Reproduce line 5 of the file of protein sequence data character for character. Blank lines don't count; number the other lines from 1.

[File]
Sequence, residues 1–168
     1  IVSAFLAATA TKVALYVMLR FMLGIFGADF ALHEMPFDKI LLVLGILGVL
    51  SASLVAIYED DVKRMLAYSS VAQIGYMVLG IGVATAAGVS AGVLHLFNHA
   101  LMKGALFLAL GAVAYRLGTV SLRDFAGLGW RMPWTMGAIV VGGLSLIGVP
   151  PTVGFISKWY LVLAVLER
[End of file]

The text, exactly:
   151  PTVGFISKWY LVLAVLER